- Experiment using exogenous ketones. They may be especially beneficial before you are fat-adapted and provide you with the energy that you crave when your glucose stores become depleted. I find that exogenous ketones can help with training your body to recognize ketones as an alternate fuel and avoid most of the flu-like symptoms altogether.
Everyone dreads it, but not everyone gets it. In those who do get it, it can last a few days or a few weeks. Symptoms can be quite unpleasant, or very mild.
So you feel tired, irritable, sluggish. You have brain fog, you can’t focus, you’re craving sugary foods. Your stomach doesn’t feel right, you may even feel nauseous, have a headache or pains everywhere. You feel ill.
Well, if you’ve just started a ketogenic, low carb or paleo regime, it’s likely that you have keto flu!
Your body is a highly tuned machine that has run on glucose all its life. Suddenly, you’re taking away its prime source of energy, so of course it has to adjust and in doing so you’re likely to feel a bit crappy. It’s your body telling you that it’s not happy (cravings, irritability, brain fog) and that it’s working hard at learning to deal with a new form of energy (fatigue, aches and pains, general unwellness).
So how do you deal with it?
My first bit of advice for anyone thinking of cutting carbs is to do so gradually. Sugars first, then simple carbs, then complex carbs. A stepped change is unlikely to lead to keto flu as you’re allowing your body to get used to the switch.
But if you’ve already reduced carbs drastically and have keto flu, there are several steps you can take to improve the situation and make it as short lived as possible:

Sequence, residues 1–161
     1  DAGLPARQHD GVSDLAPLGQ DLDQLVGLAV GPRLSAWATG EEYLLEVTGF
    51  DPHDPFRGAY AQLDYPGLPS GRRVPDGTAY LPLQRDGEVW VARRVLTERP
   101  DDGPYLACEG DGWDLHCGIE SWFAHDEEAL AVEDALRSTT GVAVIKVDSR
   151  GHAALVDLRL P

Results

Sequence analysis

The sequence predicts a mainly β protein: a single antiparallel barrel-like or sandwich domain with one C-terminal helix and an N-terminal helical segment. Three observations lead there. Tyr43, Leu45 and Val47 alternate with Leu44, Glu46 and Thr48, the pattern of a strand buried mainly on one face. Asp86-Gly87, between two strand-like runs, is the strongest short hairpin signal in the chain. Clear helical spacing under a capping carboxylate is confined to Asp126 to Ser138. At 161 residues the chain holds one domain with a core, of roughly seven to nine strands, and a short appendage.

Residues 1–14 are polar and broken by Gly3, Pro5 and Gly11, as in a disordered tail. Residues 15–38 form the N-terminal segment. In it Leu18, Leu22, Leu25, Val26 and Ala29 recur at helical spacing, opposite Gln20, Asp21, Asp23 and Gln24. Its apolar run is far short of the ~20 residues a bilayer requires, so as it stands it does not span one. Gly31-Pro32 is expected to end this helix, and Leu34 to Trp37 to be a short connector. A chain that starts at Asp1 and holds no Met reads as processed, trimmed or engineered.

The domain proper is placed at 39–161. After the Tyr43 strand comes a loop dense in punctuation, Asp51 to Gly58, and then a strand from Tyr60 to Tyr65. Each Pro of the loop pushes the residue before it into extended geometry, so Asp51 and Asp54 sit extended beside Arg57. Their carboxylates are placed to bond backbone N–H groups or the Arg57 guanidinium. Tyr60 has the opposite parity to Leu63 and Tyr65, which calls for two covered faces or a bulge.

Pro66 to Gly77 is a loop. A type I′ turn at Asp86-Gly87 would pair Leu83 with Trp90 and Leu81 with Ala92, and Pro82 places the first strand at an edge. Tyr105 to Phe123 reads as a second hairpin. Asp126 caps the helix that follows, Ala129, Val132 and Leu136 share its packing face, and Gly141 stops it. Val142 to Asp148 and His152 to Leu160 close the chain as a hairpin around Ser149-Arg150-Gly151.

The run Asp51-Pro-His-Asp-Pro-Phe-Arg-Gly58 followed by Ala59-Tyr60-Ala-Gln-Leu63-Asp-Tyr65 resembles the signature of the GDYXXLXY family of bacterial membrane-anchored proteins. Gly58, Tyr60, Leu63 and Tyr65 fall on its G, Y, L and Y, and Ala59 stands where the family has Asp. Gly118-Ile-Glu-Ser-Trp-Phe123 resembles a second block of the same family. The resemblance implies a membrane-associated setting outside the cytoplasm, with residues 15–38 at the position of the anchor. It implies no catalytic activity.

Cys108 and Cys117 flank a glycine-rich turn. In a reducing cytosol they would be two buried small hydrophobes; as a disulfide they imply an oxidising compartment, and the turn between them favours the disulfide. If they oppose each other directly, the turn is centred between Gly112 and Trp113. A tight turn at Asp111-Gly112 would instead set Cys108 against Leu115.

- Drink plenty of fluids.
- Increase you salt intake.
- Stay active, but don’t overdo it.
- Eat more good fats, don’t worry about calories for now.
- Eat a few simple carbs (berries, nuts).
- Some people find bone broth beneficial. If you like it, go for it: it delivers the nourishment, extra fluids, additional salt and extra fat you need to ease you out of keto flu.
In the meantime, think about all those health benefits that are going to come your way. You’ve made the best lifestyle choice, you won’t regret it!
Alrighty, how to avoid Keto Flu…. Keto flu is quite simply the negative side effects of switching over from using glucose as the primary fuel source to using ketones. Unfortunately, the short-term negative of “keto-flu” is enough to keep people from trying the diet in the first place. However, these symptoms can be minimized by following a few basic guidelines. The sooner you get keto-adapted, the sooner you can reap the benefits of the superior fuel source.
- Increase your water intake. It’s very important to make sure you are completely hydrated when switching over to ketosis.
- Increase your electrolytes. As you switch to ketosis, your kidneys will start flushing your system and it is really easy to become deficient in certain electrolytes. Supplement with: 1) Pink Himalayan Sea Salt, 2) Potassium (I use and recommend Zip Fizz because it has 950 mg of potassium per tube), 3) Magnesium
- Burn through any stored glycogen as fast as possible. The sooner you can burn through your glycogen stores, the sooner you will be able to tap into the ketones as a fuel source. Increase your training intensity to burn through glycogen faster.
- Eliminate/Minimize carbohydrate intake. I’m a fan of the “rip the bandaid off” approach and recommend decreasing TOTAL carbs to around 10 grams the first week or two of starting the diet.
- Make sure the foods you consume come from quality sources. Try and consume quality, organic, minimally processed foods to ensure that you are ingesting as many micronutrients through your foods as possible.
As you can see, there are many ways to make the keto flu bearable – or get rid of the symptoms entirely. Many of the solutions focus on being kind to yourself while making sure you get enough electrolytes and water.
You can also check out our Ketosis Diet Guide for an introduction to the approach, along with various resources and links to powerful articles that can help you along the way. Some of those links are from sites on this list and there are various tools featured as well.